Our new Principal at SMD School, Acharya Wangchuk Tenzin, started with us in April 2016, taking over for interim Principal, Lama Nyima Dorje. A former student of SMD, Wangchuk went on to higher Buddhist studies in ‘Shedra’ (monastic university) after he gained some management skills working in different parts of Thrangu Rinpoche’s organization. With his kind heart and his understanding and experience of Buddhist and secular studies, Wangchuk is ideally suited to lead SMD School. Read on to learn more about Wangchuk’s life:
Wangchuk Tenzin was born in 1986 and was tutored by Rinpoche’s niece, Tsering Dolma, for one year before enrolling in classes at SMD in 1995. In 1999 he became a novice monk and continued his studies, graduating Class 10 at SMD in March of 2007. While a student, Wangchuk played on the school basketball and football (soccer) teams and performed in various cultural dramas, including the yak dance! He was selected to attend the United World College human rights workshop in Dharmsala and chosen to speak to the assembly at TCV—Tibetan Children’s Villages.
As a Class 10 student, Wangchuk Tenzin participated in a special study of WWII, led by a volunteer. He concluded the student run presentation with his own speech. It began: “We have been talking about war—now I would like to talk about peace…” He was very inspirational in encouraging individual responsibility regarding aggression and patience.
After graduation, Wangchuk worked as an assistant to the manager of the monastery for a year and then completed a year in Ngondro retreat at Namo Buddha. He taught at SMD school for a few months before entering Shedra in 2008. During the course of his studies, he had a year break to travel with Thrangu Rinpoche as an attendant; he also served for several years on the Dedon Tsokpa or students welfare committee at VVI.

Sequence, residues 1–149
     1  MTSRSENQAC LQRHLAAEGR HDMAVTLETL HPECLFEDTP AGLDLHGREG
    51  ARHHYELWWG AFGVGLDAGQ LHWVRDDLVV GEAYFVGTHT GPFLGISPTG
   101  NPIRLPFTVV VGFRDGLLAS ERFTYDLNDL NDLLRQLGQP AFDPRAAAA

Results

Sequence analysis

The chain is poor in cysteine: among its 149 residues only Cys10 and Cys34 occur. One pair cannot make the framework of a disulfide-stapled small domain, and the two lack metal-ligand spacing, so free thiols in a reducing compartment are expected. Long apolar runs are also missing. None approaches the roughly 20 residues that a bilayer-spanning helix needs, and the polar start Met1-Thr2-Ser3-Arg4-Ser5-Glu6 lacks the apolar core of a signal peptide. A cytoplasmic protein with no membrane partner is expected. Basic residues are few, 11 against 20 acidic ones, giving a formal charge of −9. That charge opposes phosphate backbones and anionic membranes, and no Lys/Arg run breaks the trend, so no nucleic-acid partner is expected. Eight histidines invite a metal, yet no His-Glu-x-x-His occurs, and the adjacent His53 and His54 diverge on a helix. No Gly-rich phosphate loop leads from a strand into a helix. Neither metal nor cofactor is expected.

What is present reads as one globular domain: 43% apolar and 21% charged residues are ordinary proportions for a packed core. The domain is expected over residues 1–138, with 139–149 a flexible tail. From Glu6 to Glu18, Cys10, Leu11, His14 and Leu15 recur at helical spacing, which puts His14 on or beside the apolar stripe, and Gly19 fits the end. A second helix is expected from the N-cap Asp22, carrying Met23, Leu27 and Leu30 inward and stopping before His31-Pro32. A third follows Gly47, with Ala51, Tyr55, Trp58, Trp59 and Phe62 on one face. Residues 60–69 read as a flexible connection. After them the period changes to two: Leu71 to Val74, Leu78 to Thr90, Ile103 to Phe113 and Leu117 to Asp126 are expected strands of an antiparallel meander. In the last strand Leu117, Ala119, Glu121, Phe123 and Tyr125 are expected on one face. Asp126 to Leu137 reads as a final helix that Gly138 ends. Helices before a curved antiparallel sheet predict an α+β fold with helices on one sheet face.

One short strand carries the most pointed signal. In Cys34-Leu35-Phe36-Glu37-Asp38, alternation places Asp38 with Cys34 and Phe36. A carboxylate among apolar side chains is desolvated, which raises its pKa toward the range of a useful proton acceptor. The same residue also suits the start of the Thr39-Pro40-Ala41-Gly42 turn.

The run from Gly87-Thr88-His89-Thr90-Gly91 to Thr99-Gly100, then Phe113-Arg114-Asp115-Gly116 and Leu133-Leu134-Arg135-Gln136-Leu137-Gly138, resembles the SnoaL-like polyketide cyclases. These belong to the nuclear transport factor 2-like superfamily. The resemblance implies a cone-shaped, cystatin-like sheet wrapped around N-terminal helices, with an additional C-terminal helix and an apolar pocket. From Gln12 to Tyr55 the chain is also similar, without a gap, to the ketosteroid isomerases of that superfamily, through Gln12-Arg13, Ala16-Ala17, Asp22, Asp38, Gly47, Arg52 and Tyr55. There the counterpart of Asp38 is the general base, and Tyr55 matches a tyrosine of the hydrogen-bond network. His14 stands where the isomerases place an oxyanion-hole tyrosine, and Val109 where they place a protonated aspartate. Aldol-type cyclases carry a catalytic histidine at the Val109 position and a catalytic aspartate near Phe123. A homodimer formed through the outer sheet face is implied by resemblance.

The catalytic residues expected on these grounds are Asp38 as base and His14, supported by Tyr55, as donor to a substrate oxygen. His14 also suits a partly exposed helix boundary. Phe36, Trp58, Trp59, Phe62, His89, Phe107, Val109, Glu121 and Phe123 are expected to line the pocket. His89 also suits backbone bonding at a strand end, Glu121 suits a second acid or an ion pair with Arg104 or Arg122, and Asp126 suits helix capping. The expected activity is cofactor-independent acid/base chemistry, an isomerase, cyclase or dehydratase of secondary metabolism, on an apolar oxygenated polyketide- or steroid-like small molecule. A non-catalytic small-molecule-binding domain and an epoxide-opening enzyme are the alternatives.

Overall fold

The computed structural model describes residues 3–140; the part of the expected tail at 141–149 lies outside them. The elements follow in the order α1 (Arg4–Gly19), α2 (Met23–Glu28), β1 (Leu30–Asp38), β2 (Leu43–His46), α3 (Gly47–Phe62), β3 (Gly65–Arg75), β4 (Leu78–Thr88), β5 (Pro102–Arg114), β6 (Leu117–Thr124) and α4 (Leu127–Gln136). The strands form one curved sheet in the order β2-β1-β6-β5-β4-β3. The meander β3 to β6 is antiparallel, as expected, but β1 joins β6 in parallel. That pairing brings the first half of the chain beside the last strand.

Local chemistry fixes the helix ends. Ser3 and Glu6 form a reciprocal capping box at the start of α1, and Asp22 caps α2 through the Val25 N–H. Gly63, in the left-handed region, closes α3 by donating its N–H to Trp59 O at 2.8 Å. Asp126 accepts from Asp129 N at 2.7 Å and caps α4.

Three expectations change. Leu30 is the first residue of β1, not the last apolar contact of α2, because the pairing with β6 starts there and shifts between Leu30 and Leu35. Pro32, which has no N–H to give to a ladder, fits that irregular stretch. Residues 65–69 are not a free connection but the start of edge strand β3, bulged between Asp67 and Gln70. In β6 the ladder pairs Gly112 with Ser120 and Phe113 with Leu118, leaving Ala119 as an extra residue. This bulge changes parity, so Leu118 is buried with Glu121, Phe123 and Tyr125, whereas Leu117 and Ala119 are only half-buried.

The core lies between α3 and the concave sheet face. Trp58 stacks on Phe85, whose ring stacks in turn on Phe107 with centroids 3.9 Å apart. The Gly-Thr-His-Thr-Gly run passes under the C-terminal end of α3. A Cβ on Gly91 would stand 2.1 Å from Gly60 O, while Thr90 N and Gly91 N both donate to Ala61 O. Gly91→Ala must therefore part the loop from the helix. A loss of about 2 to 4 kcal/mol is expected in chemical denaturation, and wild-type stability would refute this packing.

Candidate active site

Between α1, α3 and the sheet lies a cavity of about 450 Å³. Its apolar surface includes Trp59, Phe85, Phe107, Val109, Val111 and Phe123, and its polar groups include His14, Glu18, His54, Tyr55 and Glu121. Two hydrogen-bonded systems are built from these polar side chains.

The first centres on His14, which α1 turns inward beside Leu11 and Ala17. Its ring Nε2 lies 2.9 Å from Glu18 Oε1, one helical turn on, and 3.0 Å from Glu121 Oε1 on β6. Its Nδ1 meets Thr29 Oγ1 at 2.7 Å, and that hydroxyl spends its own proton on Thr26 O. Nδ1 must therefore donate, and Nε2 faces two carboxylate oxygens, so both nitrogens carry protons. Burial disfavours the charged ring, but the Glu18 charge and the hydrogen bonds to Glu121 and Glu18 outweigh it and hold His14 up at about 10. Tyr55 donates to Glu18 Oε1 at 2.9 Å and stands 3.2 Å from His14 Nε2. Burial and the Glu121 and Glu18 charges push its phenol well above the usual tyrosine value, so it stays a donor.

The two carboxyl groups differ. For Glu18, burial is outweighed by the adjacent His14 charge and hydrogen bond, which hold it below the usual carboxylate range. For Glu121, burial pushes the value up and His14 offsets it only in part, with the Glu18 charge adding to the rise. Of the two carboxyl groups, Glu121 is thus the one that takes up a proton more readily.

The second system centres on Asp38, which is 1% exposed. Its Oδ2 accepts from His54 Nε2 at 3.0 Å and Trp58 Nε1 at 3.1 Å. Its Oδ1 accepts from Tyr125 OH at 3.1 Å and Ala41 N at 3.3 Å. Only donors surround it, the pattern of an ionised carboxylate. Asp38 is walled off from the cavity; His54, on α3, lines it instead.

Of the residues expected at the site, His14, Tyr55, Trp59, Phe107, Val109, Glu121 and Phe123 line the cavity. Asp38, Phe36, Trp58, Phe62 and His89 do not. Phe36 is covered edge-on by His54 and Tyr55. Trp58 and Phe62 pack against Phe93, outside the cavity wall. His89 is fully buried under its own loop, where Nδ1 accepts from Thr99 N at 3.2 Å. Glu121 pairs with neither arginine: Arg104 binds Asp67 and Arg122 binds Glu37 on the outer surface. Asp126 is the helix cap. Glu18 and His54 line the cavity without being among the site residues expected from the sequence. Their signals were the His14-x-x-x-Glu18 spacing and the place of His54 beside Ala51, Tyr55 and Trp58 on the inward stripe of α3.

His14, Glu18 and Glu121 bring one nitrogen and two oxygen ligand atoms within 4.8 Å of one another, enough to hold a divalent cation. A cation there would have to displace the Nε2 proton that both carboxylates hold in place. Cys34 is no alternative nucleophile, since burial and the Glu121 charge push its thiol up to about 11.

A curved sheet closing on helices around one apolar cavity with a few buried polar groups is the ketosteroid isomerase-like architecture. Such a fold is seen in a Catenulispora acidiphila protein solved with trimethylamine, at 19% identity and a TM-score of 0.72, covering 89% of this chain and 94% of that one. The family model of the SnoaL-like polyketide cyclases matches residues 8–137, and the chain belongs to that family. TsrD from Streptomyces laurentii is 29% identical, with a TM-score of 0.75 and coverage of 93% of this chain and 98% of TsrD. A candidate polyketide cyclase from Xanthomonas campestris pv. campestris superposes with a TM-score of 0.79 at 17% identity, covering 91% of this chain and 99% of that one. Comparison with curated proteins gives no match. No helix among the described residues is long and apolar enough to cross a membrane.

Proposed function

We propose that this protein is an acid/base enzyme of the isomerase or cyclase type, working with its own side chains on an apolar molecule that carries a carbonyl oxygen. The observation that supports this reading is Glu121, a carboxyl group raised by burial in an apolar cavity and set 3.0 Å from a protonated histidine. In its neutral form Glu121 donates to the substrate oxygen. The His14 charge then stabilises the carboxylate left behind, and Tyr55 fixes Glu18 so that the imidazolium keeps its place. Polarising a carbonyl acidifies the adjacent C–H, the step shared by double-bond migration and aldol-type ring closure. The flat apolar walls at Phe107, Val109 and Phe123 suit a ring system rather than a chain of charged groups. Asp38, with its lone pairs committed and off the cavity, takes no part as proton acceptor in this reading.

When Wangchuk became school principal last year, he had a few weeks of overlap with Lama Nyima Dorje but still felt a little worried about how he would manage. He says that Rinpoche advised, “Slowly—you can do.” He keeps in mind that Rinpoche says ‘one should study well and at the same time develop character and motivation, otherwise problems come in community’. Wangchuk recognizes this is the basis for his direction as a principal. As he thinks about it now, he feels that as a Shedra graduate he has a lot of potential to transfer his knowledge of the Dharma. In the future, he would like to teach a class for advanced students on how Buddhist science relates to modern science.
He observes that being a monk, his path is set and life is very simple, yet he can get distracted in the modern world too. His remedy? “Sit down and think of the reality of things––examine deeply and then there is freedom from attachment and life is satisfying.” Wangchuk would like to help make the school strong and help the children carry their life in a positive way.
(Bio first appeared in February 2017 issue of the Himalayan Children’s Fund News by Debra Ann Robinson-Menzies.)